Daily Life and Origin of the Tasmanians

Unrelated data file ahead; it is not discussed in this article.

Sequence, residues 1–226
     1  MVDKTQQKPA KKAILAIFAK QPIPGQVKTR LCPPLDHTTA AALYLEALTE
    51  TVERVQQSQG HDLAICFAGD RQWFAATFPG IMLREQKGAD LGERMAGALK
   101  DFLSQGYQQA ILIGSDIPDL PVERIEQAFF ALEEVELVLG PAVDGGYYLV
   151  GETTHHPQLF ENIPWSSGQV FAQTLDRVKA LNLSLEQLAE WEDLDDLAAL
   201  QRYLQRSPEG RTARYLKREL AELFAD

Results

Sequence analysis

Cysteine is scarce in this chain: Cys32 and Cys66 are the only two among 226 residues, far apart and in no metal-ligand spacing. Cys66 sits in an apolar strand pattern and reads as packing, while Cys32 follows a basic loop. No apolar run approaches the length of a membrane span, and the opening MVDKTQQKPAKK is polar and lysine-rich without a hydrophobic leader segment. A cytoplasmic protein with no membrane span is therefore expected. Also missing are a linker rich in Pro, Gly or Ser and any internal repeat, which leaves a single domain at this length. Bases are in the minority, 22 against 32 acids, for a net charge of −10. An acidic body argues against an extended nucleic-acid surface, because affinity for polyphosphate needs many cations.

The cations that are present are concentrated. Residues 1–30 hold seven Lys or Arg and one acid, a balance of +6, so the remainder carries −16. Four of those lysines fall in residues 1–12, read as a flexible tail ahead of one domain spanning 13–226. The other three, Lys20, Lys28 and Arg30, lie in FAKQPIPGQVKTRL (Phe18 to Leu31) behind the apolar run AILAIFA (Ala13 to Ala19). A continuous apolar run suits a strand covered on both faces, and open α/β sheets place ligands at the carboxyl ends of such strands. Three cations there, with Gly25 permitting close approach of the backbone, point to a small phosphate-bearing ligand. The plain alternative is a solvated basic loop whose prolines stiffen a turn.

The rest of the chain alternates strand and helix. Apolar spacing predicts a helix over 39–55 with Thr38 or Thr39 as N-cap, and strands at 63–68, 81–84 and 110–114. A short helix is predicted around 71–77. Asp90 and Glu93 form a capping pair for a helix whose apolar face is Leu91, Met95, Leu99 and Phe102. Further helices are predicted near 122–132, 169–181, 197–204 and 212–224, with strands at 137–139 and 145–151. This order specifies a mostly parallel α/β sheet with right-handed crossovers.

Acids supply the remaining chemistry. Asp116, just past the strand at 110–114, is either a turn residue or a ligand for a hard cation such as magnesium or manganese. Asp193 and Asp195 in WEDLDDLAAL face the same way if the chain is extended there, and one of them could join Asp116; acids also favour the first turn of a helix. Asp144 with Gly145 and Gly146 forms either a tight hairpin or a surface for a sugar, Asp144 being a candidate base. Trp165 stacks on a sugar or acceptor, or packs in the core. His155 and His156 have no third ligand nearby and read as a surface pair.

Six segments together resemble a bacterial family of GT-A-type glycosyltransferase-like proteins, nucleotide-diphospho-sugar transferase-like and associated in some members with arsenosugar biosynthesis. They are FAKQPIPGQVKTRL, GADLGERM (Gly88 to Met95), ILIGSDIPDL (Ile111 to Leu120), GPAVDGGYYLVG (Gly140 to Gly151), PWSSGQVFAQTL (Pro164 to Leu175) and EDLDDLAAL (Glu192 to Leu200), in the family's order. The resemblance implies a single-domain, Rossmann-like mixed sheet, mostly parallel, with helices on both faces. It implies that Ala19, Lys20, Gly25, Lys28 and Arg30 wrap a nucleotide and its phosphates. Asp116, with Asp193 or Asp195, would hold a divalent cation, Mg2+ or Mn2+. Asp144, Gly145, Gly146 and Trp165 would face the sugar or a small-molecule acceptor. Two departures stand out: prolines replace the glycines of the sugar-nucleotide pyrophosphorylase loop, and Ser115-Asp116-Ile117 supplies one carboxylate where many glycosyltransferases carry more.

Excerpt from Daily Life and Origin of the Tasmanians Is a re-issue of the present work a few observations may be allowed. Since the publication of the "Last of the Tasmanians" and the "Daily Life" of that people, much interest has continued to be drawn to them. They have attracted the attention of such writers as Quatrefages, Topinhard, Hamy, Buckner, Lubbock, Darwin, Tylor, Huxley and others. But the materials for a knowledge of this remarkable race were too few and uncertain to form definite understanding, except from reference to their supposed kindred, the Australians. The Author began his search for information in 1842, consulting those who had known them in their early wanderings, or on their Flinders Island prison. He first made an acquaintance with some natives in 1841, and was with the last gathering of the poor souls some twenty years after. The prejudices of party strife could not fail to colour stories of the Black War of Van Diemen's Land. The long continuance of that war, the dispersion of the unhappy Dark-Skins, the sufferings of women and the destruction of children, all tended to the breakup of the Tribes, the blending of old dialects, the confusion of ideas from intercourse with Whites. As the "Last of the Tasmanians" has been long out of print, a few remarks as to the history of the departed may not be here out of place. Tasman, the Dutch navigator, discovered and named in 1642 the Island of Van Diemen's Land, but he never caught sight of the Tasmanians, though hearing their voices in the dense forest. Our earliest intelligence of them is gained from the voyages of Cook, Furneaux, D'Entrecasteaux, Baudin, Flinders and Bass. A small English party from Sydney in 1803 formed a post on the Derwent River. About the Publisher Forgotten Books publishes hundreds of thousands of rare and classic books. Find more at www.forgottenbooks.com This book is a reproduction of an important historical work. Forgotten Books uses state-of-the-art technology to digitally reconstruct the work, preserving the original format whilst repairing imperfections present in the aged copy. In rare cases, an imperfection in the original, such as a blemish or missing page, may be replicated in our edition. We do, however, repair the vast majority of imperfections successfully; any imperfections that remain are intentionally left to preserve the state of such historical works."